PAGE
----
You can learn how to make your own bias binding using a binding maker here.
What’s The Difference Between Bias Facing And Bias Binding?
Bias facing describes the technique used to sew bias binding tape as a facing rather than a binding. So the bias tape is instead turned under the main garment edge and stitched into place to finish the fabric edge off.
Bias facing is usually hidden, while bias binding is visible.
You can learn how to use bias tape as a facing here.
Bias Binding Tutorial: Using Single Fold Bias Tape To Finish Edges
This bias binding tutorial will show you how to use single fold bias tape to finish the edges of your sewn projects. In this example, I’ve used single-fold bias tape to bind the edge of my DIY wrap skirt.
There are several ways that you can use bias binding tape to finish edges, but in this tutorial I’ll show you how to topstitch your binding into place as a hem finishing technique.
1. Fold Your Single Fold Bias Binding Tape
For me, once you have cut the length of bias binding tape needed, the first step is then to create the clean folded edge. This is because when left until last, it can be quite tricky to get a lovely clean finish.
Start by folding the bias tape down the centre lengthways and cutting the end edge of your bias binding to the shape you need. I am working with a 90º right-angled edge.
2. Sew A Neat Edge On Your Bias Binding Tape
Next, turn the wrong sides of your bias binding tape together and pin in place.
Using your sewing machine, sew a line parallel to the cut edge of your bias binding tape. I sew with a 1 cm seam allowance.
4. Press the Bias Binding Edge
Give the stitch line a little press and then turn the bias binding tape through so that the wrong sides are facing each other again. Be sure that the corner is nice and sharp rather than rounded – I use the end of my sewing machine screwdriver for this as it has no sharp edges. You may need to clip the seam allowance a little.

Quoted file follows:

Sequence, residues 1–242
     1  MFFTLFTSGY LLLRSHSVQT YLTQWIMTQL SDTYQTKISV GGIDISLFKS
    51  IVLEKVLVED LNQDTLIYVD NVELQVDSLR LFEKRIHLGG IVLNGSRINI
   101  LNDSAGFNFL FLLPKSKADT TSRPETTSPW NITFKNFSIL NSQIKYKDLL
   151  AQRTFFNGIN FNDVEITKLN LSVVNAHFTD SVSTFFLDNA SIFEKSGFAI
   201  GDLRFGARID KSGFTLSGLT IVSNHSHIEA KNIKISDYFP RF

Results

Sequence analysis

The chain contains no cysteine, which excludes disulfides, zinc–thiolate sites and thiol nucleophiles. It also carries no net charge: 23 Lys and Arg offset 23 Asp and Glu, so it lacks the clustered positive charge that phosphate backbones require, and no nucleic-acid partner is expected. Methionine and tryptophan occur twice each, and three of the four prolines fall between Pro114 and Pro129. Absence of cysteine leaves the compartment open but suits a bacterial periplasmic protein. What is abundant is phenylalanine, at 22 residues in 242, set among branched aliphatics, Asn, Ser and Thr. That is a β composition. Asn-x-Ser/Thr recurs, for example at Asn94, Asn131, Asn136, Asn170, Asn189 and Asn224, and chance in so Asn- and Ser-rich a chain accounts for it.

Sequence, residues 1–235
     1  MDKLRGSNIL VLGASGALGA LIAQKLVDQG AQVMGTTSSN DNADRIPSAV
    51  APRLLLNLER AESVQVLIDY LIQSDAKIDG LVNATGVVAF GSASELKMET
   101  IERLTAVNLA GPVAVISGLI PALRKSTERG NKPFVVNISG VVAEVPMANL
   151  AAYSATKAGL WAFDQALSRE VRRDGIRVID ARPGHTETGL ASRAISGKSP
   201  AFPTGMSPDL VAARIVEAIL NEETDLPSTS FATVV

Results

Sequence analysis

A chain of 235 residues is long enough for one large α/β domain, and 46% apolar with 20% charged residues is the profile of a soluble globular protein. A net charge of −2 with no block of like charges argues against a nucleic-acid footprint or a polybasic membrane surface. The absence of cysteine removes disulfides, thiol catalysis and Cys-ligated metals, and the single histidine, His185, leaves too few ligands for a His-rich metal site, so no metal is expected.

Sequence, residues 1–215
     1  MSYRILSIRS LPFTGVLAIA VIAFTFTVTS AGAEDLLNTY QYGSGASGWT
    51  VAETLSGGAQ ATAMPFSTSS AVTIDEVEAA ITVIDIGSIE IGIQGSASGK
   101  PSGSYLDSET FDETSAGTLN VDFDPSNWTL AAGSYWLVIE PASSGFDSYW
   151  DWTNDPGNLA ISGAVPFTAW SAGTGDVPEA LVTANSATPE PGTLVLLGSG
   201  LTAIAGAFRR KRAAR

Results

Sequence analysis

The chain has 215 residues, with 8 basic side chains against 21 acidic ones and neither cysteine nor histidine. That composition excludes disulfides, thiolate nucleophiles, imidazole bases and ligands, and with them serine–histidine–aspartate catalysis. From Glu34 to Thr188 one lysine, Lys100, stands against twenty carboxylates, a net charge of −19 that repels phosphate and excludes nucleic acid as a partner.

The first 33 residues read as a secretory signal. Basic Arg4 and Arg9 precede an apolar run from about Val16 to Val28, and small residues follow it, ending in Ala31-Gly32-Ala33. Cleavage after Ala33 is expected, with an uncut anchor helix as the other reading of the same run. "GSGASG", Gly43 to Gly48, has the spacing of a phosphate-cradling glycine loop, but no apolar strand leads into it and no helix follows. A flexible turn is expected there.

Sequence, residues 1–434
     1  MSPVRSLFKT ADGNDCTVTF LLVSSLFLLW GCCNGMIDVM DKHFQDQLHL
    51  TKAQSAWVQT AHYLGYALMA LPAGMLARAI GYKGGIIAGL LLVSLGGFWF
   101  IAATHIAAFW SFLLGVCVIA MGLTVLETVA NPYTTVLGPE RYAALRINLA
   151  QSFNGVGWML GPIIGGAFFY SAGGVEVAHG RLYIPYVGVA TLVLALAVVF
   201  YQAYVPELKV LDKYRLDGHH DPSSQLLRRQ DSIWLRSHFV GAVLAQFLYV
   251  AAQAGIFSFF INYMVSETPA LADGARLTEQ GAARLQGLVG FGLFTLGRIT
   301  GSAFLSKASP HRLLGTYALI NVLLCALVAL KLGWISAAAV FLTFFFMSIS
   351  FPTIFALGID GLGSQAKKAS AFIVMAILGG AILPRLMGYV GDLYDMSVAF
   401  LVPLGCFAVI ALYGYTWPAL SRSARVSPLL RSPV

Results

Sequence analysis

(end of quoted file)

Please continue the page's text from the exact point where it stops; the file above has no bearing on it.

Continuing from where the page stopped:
5. Insert Your Fabric Edge Into Bias Binding
Now that one end of your bias tape is perfectly finished, we can move on to using it to bind the edges of your fabric. Place the chosen edge of your garment into the bias binding, making sure there is no ‘step’. It should lie flush. To achieve this, I push all the excess tape to what would be the wrong side of the garment fabric.
Pin in place and continue wrapping the bias binding tape around the length of the fabric edge until you reach the end. Make sure that the binding is neat and the right length before trimming away the excess. I like to leave around 2.5 cm as a tail, just in case.
6. Sew The Bias Binding Into Place
Using a medium-length stitch on your sewing machine, edge stitch just inside the edge of the single fold bias binding from the right side of the fabric. Make sure that the wrong side of the binding is also being caught in the stitch line as you sew.
7. Finish The Bound Edge
The last step to finish your newly bound edge is to press the bias binding gently. This will help to set the stitches and create a crisp finish to the folded edge of the bias tape.
Bias Binding Variation
This bias binding tutorial has shown you how to topstitch single fold bias binding as a ‘wrap’ over a raw edge.
If you wanted a cleaner finish, with no visible stitching on the right side of your project, you would go about things a little differently, like the photo below.
Why Use Single Fold Instead Of Double Fold Tape?
Usually, you would buy and use the right tape for the job, so I could have used a double fold tape to get the same effect.
However, I also wanted to use a bright pink to contrast with the blues and greens, and I could only find the pink as a single fold tape. Knowing that pressing one extra fold into place would technically make it double fold allowed me to just go ahead with the pink. And it is a winner right?
If you enjoyed this, a coffee is always appreciated!
Eve Tokens (aka The Creative Curator) is a fashion designer, creative pattern cutter and sewing pattern designer.
Eve graduated with a 2:1 in Fashion Design from the University of The Creative Arts in the UK, has a BTEC diploma in Creative Pattern Cutting, a Foundation Degree in Art & Design from Wimbledon College of Art and gained extensive experience in the fashion industry by interning and freelancing for London based fashion brands – Hardy Amies, Roland Mouret, Peter Pilotto and others.
As well as running her own small sustainable fashion brand, Eve has more than 25 years experience sewing and making clothes for herself and family members.